Billionaire James Packer returns to Crown Resorts' board

Australian billionaire James Packer, will return to the board, weeks after the casino group effectively scrapped ambitious global plans and retreated from Las Vegas and Macau.
Australian billionaire James Packer, will return to the board, weeks after the casino group effectively scrapped ambitious global plans and retreated from Las Vegas and Macau.PHOTO: REUTERS

SYDNEY (REUTERS) - Crown Resorts' biggest shareholder, Australian billionaire James Packer, will return to the board, weeks after the casino group effectively scrapped ambitious global plans and retreated from Las Vegas and Macau.

Packer had left the board just over a year ago to focus on the international expansion, and returns as part of a broader executive reshuffle designed in part to ease investor concerns about the direction of the Crown group.

Crown, which has focused its gaming strategy on Asia's richest gamblers, has been battered by China's anti-corruption drive and now its efforts to control capital flight.

In December, it scrapped plans to build a casino in Nevada, said it would sell half its stake in Macau-focused Melco Crown Entertainment and cancelled plans to spin off its international assets.

Packer is a 48 per cent shareholder, having cut his stake from 53 per cent in August 2016.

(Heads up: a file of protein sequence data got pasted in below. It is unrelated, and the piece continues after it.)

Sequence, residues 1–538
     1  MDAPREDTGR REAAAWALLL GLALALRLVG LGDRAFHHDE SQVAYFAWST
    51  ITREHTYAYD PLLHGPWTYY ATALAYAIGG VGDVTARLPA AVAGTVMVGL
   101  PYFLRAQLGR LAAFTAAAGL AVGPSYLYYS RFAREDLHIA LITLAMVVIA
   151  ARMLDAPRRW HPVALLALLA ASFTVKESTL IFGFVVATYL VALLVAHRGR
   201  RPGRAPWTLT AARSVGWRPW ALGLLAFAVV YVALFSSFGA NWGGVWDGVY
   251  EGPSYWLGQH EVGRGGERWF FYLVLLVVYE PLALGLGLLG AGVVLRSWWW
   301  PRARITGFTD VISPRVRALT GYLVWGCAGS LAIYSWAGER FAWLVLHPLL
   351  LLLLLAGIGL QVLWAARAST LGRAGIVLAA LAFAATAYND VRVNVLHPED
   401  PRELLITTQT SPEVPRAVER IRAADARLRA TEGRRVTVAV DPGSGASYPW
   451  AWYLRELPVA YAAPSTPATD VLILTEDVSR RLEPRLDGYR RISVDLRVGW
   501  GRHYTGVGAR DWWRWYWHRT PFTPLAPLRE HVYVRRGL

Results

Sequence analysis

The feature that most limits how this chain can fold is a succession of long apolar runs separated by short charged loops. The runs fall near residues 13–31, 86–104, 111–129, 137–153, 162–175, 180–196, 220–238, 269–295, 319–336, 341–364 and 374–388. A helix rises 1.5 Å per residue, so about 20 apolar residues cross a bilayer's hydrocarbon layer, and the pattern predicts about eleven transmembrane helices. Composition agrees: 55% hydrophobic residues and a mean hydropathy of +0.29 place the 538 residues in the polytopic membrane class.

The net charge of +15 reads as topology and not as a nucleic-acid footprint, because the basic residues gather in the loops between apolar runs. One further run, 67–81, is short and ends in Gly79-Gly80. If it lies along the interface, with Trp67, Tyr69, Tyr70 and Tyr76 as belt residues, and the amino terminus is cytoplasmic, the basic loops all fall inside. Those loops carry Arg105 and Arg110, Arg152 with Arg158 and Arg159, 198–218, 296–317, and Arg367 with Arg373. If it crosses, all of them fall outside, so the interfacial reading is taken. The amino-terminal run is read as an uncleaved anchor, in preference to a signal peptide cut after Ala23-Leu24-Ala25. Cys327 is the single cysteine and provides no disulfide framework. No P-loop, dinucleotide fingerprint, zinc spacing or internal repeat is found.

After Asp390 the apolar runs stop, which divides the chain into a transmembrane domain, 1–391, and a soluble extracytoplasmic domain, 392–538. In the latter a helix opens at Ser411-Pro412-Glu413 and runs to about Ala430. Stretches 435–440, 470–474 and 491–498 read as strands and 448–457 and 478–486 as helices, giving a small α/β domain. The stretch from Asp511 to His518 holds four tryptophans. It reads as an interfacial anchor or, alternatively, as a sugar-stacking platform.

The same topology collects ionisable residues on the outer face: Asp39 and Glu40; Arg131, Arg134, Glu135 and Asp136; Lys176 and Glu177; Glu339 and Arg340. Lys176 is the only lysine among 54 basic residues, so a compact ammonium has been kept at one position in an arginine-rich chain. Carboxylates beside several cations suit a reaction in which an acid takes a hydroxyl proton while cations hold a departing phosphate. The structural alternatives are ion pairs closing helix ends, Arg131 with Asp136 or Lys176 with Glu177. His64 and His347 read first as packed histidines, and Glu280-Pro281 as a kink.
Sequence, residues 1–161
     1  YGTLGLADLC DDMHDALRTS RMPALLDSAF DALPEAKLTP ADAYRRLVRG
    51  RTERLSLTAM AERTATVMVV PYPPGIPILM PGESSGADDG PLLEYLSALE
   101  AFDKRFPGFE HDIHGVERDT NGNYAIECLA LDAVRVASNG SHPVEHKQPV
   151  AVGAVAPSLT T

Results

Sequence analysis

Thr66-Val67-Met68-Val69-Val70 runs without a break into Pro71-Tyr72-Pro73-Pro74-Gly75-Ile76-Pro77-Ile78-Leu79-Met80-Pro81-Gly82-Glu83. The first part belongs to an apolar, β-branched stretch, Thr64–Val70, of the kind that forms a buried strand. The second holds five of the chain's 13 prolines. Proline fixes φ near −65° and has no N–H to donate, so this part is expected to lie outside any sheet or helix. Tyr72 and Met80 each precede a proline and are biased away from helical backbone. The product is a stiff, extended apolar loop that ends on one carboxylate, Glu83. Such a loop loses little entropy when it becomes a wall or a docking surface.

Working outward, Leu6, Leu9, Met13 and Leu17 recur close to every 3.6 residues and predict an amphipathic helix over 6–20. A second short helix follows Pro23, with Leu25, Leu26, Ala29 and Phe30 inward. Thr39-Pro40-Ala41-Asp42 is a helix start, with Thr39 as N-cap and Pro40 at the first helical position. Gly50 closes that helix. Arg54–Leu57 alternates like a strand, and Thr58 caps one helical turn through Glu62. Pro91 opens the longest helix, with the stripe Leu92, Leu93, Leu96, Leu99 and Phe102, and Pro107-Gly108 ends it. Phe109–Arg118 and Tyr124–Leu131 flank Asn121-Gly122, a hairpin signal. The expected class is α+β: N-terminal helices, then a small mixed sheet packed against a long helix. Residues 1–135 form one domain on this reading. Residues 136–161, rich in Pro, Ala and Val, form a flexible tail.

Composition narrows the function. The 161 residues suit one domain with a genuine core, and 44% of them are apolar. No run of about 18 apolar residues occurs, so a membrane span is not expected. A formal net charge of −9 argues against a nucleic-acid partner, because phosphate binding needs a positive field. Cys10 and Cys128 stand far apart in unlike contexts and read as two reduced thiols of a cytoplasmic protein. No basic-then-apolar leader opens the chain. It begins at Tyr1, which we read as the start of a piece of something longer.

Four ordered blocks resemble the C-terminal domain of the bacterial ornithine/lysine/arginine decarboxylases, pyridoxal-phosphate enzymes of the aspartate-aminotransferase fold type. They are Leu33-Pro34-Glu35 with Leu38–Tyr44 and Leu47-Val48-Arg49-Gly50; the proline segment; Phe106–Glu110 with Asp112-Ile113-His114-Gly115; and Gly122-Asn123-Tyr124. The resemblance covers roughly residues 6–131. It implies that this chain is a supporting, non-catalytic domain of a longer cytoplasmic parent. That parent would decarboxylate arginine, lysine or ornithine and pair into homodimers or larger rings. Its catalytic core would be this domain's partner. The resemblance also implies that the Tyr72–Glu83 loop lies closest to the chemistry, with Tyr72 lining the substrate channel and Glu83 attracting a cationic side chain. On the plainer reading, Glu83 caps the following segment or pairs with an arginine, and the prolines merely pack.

Crown said in a statement that the group would now focus on its core assets in Australia, where it has casinos in Melbourne and Perth and another soon to be built in Sydney.

But questions remain among analysts and investors over Crown's growth, even as he reasserts control and focuses on home turf. Crown shares dropped as much as 2.1 per cent in morning trade, underperforming a weaker broader market.

"I think the local growth plan would be very limited ... I don't see a growth story there," said Mathan Somasundaram, a strategist with stockbroker Baillieu Holst.

Crown will report 2016 earnings on Feb 23. It has already warned of a 45 per cent slump in VIP turnover for the six months to December at its Australian casinos.

As part of the broader reshuffle, Robert Rankin will step down as chairman to be replaced by long-time Packer lieutenant John Alexander on Feb 1, the company said in a statement. Rankin would remain on the board.

Rankin also stepped down as chief executive of Packer's private company, Consolidated Press Holdings.